Timber firm fined over finger amputation

A company in Lincolnshire has been fined after an employee's fingers were cut off by an unguarded roller conveyor.

Shaun Newcomb, 30, of Bourne, needed extensive treatment and missed work for nine months after the accident, which took place at the Sewstern Timber Services site in Sewstern on March 9th 2012.

Jurors at Lincoln Crown Court were told the man was attempting to clear a blockage from the conveyor, but as the did this his right hand hit sprockets and chains that drove components from within the machine and this cut off his middle, ring and little fingers.

A subsequent Health and Safety Executive report revealed that the belt sold to Sewstern Timber Services by Armistead Engineering did not have proper guarding in place, but a risk assessment would have spotted this issue - something that never took place.

For its failings, Sewstern Timber Services were charged with breaching Section 2(1) of the Health and Safety at Work Act etc 1974 for failing to protect its employees.

Executives at the firm decided to plead guilty - leading to a fine of £18,000 and costs of £10,000.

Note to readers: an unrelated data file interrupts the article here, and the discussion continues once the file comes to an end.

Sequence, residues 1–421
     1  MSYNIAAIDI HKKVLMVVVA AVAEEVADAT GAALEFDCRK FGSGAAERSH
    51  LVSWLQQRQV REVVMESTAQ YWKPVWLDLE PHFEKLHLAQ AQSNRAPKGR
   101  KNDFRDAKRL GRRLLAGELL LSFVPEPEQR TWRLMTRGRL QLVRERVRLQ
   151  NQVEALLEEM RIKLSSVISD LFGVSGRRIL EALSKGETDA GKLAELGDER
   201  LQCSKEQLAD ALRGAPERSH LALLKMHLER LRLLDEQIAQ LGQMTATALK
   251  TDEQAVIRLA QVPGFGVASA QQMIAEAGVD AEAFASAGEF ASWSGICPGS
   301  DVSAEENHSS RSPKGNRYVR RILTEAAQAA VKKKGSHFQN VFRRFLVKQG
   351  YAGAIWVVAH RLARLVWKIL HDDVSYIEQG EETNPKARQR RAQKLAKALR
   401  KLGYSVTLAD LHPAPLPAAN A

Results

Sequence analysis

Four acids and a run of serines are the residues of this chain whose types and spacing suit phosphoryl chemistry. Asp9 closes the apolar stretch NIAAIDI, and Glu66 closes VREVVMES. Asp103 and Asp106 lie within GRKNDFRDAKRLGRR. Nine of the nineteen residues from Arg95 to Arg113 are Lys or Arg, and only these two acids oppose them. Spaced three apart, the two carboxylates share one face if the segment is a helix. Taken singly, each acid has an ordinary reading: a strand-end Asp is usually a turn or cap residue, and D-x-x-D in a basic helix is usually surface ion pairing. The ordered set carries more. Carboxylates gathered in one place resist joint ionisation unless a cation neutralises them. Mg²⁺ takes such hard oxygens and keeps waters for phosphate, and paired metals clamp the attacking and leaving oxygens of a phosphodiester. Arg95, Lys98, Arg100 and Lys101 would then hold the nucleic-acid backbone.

Speaking after the trial finished, Shaun Newcomb, who could now go on to make a personal injury claim, said: "After it happened I felt agitated and kept losing my temper easily, which was out of character for me. I went through a stage where I didn't want anyone to see my hand. 

"I used to fish regularly and play pool and darts. I still can't play darts as I can't hold them properly but I've managed to adapt to play pool."

Poor guarding remains a problem in the manufacturing sector and some companies are not aware they could be liable for any injuries that take place in the workplace that result from dangerous components not being shielded by covers.

Equipment must also be properly maintained, as regulations brought in after a spate of accidents in 1998 brought the Provision and Use of Work Equipment Regulations into force.

By Chris Stevenson